Our editor-in-chief Nate Yapp is proud to have contributed to the new book Hidden Horror: A Celebration of 101 Underrated and Overlooked Fright Flicks, edited by Aaron Christensen. Another contributors include Anthony Timpone, B.J. Colangelo, Dave Alexander, Classic-Horror.com's own Robert C. Ring and John W. Bowen. Pick up a copy today from Amazon.com!
It's amazing the difference 50 years makes. In 1950, Edison's Frankenstein was on the "Films Lost Forever" list. In 2003, it became available for the first time on DVD. I had the opportunity to view it on the big screen at Monsterbash 2003, and I can say from the very bottom of my dark, scabied heart, it is a must have for any monster or silent film fan.
The film stars Charles Ogle (Monster) and Augustus Phillips (Doctor). Yeah, I don't know who they are either. However, they were incredibly convincing in their roles. The Monster somewhat resembles a love child of Quasimodo and Hammer's Monster from Hell. It's quite disturbing really. But, I believe that is the point.
As far as the technical aspects, the cinematography ranks right up there with Nosferatu, Phantom of the Opera, and The Cabinet of Dr. Caligari. There is simply a level of eeriness that only a silent movie can emit. The main difference between this film and other Frankenstein films, was the fact that the monster was not created from the dead's body parts. Instead, he was created in a gigantic witch's cauldron through some sort of primordial ooze. This was the very first "creation" film. At the time, the religious zealots thought the film was making a mockery of God, so the film was banned very shortly after its release. After that, it was condemned to obscurity, until a man named Alois Dettlaff resurrected it.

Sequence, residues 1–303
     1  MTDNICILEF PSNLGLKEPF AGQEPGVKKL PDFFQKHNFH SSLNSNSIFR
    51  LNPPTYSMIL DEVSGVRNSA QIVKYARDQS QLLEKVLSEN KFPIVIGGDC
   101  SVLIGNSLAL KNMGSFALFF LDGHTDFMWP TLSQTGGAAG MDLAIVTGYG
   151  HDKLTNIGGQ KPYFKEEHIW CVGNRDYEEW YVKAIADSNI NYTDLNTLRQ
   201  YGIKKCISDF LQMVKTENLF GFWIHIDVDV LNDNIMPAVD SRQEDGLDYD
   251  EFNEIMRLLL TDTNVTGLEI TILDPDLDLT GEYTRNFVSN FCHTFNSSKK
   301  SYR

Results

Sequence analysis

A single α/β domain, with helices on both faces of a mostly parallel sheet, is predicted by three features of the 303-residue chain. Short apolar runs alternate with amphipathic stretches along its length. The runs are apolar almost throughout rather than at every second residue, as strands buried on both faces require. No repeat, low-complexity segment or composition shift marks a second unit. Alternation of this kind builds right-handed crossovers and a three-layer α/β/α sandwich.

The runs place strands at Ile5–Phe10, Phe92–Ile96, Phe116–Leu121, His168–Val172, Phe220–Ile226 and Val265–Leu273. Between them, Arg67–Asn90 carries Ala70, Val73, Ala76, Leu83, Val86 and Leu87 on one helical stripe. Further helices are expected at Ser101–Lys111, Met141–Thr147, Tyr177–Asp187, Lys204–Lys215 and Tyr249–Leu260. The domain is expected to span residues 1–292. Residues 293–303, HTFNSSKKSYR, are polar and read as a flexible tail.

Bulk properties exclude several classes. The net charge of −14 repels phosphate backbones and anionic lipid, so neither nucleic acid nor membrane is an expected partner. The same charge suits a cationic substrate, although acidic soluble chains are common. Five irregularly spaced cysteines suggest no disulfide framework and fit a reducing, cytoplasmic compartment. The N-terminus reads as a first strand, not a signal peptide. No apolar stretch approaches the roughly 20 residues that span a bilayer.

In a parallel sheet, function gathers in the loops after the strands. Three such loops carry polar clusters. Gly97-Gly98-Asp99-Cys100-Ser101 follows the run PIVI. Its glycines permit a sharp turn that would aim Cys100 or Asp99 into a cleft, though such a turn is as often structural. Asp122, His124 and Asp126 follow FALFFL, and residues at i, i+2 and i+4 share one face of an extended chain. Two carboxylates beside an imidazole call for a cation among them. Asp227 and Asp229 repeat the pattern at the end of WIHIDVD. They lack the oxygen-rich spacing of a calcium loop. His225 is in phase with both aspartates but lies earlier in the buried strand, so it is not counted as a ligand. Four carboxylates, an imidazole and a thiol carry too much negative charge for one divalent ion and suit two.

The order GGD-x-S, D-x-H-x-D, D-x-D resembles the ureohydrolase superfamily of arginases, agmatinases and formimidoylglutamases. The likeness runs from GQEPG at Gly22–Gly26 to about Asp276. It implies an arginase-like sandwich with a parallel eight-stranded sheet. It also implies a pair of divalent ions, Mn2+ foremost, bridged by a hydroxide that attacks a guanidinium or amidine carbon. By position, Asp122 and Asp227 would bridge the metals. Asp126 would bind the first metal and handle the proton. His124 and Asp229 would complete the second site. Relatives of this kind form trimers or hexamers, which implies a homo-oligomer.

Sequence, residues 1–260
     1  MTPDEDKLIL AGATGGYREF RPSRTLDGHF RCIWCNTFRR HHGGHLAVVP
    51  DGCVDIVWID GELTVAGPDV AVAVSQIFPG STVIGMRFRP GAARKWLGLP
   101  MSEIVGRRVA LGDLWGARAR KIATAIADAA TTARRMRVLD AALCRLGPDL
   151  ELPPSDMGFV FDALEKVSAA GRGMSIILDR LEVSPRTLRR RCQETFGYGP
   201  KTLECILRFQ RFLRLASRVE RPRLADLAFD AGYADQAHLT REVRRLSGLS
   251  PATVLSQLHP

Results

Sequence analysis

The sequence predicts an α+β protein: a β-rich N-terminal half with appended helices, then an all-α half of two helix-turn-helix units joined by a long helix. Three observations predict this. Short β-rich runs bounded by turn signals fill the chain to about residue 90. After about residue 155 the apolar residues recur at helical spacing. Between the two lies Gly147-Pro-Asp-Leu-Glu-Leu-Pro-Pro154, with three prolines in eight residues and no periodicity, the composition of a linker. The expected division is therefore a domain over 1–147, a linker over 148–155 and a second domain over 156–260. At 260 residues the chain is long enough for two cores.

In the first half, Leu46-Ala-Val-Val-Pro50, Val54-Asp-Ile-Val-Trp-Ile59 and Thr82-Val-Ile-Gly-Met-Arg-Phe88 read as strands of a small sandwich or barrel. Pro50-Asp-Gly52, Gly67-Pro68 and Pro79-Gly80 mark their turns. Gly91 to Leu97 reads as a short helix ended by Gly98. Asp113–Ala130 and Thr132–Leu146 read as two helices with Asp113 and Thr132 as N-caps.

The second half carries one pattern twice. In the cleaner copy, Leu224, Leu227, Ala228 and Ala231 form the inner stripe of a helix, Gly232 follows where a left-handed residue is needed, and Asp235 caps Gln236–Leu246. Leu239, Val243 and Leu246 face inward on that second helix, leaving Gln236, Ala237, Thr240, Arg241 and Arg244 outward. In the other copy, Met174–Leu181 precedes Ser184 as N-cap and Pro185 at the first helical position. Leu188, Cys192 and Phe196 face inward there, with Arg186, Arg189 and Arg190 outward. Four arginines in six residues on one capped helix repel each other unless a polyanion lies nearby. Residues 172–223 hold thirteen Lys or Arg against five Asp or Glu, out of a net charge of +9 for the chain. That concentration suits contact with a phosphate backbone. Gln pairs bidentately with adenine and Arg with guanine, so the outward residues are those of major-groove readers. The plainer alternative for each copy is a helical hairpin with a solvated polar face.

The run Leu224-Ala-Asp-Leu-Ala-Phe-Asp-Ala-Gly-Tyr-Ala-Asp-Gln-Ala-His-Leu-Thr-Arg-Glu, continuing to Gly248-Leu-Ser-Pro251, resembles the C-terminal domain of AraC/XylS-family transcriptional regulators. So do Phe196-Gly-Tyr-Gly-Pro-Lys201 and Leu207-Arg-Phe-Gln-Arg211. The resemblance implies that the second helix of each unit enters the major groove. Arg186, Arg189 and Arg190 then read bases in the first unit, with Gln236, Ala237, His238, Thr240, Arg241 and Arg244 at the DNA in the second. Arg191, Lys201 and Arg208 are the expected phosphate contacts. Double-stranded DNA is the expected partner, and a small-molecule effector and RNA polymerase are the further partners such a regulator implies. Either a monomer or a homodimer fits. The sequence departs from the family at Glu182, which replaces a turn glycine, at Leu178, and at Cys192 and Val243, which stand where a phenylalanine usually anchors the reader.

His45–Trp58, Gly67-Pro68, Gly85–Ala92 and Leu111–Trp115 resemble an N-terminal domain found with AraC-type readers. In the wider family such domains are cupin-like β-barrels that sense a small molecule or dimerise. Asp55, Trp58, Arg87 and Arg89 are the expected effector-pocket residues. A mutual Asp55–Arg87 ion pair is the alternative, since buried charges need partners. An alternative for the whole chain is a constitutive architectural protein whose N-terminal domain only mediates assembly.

I had the opportunity to hear Alois speak at the 2003 Monsterbash. Apparently, he had quite a collection of silent films, and did not realize that his copy of Frankenstein (1910) was so valuable until he noticed it on a list of "Top 10 Most Wanted Lost Films" in 1950. His version was missing the opening frame (which displays the title of the picture -- this was commonly done when a theater was done showing a film to prevent the next owner from showing it publicly), but the rest of the film was completely intact. His print of the film is the only known theatrical print to survive. What a loss it would have been to monster fans if this little gem was never found. We could only hope London After Midnight might have the same glorious recovery.
Less than five minutes after observing this little film, I bought the DVD immediately. The opening screen and the title cards have been modernized, but the actual story is complete. Alois released Frankenstein (1910) on DVD with Nosferatu, so the first Dracula and the first Frankenstein are now together on one DVD This is the first time ever that Frankenstein 1910 has been released on video to the public. If you are an "old school" monster fan much like myself, this little film is a must own. It is currently available online via Google Video.